Eight months after the state’s first medical marijuana dispensaries opened, 1,017 patients have registered with the state to receive the drug, the Department of Public Safety told lawmakers this week.
A fourth dispensary, Southern Vermont Wellness, is slated to open Tuesday in Brattleboro, officials said.
It will be located at 1222 Putney Road according to Brattleboro’s Planning Services department. The state’s other three dispensaries are in Burlington, Brandon and Montpelier.
Shayne Lynn, executive director of the Burlington’s Champlain Valley Dispensary, is opening the Brattleboro facility, according to the Brattleboro Reformer.
Lynn said Friday that 30 patients have registered to receive marijuana in Brattleboro when that location opens.
“We felt that southern Vermont needed to have a dispensary of its own, as we had patients from southern Vermont,” he said.
Meanwhile, a bill in the Senate would add two more dispensaries and allow those businesses to offer home delivery of marijuana.
The bill would also eliminate a statewide cap on the number of registered patients who receive marijuana from a dispensary.
Of the 1,017 patients registered with the state, 642 patients have selected dispensaries, said Francis Aumand, director of the criminal justice services division of the Department of Public Safety.
The other 375 patients grow their own, Aumand said.
The bill, S.247, also increases from two to four ounces the amount of marijuana a dispensary can cultivate and possess per patient. That rule applies to dispensaries that serve more than 14 patients.
Public safety officials, marijuana advocates and dispensaries say they compromised on the bill, sponsored by Sen. Jeanette White, D-Windham, but all support it.
White said marijuana advocates, the dispensaries and DPS pushed for the changes.
“In working with them over the last three years I just decided it was time to make those changes that they needed,” said White, who also sponsored the first dispensary bill.
The Marijuana Policy Project has lobbied heavily in Vermont for more lax laws about marijuana. That group ranked first for the amount of money it donated to lawmakers’ campaigns during the 2011-2012 election cycle. It donated $12,850 total, including $300 to White. The Marijuana Policy Project also gave $10,000 to Gov. Peter Shumlin, according to VTDigger’s online campaign finance database.
Public safety officials agreed to eliminate the patient cap and add two dispensaries in exchange for striking a proposal to add post-traumatic stress disorder to the list of “debilitating medical conditions” that qualify a person to apply for a registry identification card.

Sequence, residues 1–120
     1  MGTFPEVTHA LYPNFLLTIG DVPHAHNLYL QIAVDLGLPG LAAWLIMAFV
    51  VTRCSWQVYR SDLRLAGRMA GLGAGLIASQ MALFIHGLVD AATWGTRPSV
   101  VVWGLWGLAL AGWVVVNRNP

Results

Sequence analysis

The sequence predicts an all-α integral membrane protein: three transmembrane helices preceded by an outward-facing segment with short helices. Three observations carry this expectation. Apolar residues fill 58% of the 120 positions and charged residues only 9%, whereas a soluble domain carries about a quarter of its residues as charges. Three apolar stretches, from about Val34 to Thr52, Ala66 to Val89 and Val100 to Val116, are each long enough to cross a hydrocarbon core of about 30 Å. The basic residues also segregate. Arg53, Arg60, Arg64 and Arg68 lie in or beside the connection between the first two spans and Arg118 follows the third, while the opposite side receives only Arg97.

That list now includes cancer, multiple sclerosis, HIV and other conditions.
There needs to be more research about marijuana’s efficacy in treating PTSD, according to Aumand. “We want to make sure that it grows at a pace that can be regulated,” he said.
Perhaps more significant than PTSD, he said, was a proposal in the bill’s first draft that changed the word “or” to “and” in the following phrase: “if the disease or the treatment results in severe, persistent and intractable symptoms.”
“We’re not prepared to open it up to more patients that further opens up or loosens up the definition (of debilitating medical condition) might lead to,” Aumand said.
Matt Simon, a legislative analyst at the Marijuana Policy Project, said his organization supports the legislation but he is not enthusiastic about the PTSD provision, which he says could prevent the bill from passing.
“We think it’s great that the Department of Public Safety wants to add more dispensaries and is comfortable with that,” Simon said.
Lawmakers have proposed another bill, H.213, that would add PTSD to the list of conditions that qualify patients for medical marijuana.
The bill would also ease requirements about who is eligible to receive medical marijuana. The law does not allow someone with a pending charge or conviction of a drug-related crime or violent felony to qualify for a registry card.
The House bill gives the Department of Public Safety the discretion to grant registry cards to people convicted of drug-related crimes or a violent felony if they have been “rehabilitated and should be otherwise eligible.”
In addition, the legislation authorizes the Department of Public Safety to write rules for safe delivery of pot to patients.
Aumand said the rules will be similar to the ones in place that govern transport of marijuana from growing facilities to dispensaries.
Those rules require locked containers and “trip tickets” that list information such as the origin, destination and amount of marijuana transported.
“It’s not going to be a wide-open process, it’s going to be a very tightly controlled and regulated one,” he said.
Dispensaries are allowed to cultivate and possess at any one time up to 28 mature and 98 immature marijuana plants and 28 ounces of usable marijuana.
Aumand said the Department of Public Safety also compromised on a section of the bill about dispensary financial audits.
The bill would change the law to require audits every other year, instead of annually. The annual dispensary registration fee paid to the Department of Public Safety would be $25,000 in audit years. Otherwise the annual registration fee is $30,000 and $20,000 in the first year of operation.
Dispensaries are operated as nonprofits but don’t need to be recognized as tax-exempt by the IRS, the law says. The bill specifies that they are exempt from state income tax.
The bill is before the Senate Finance Committee, according to the Legislature’s online bill tracking system.
Editor’s note: This story was updated at 9:19 a.m. Feb. 15.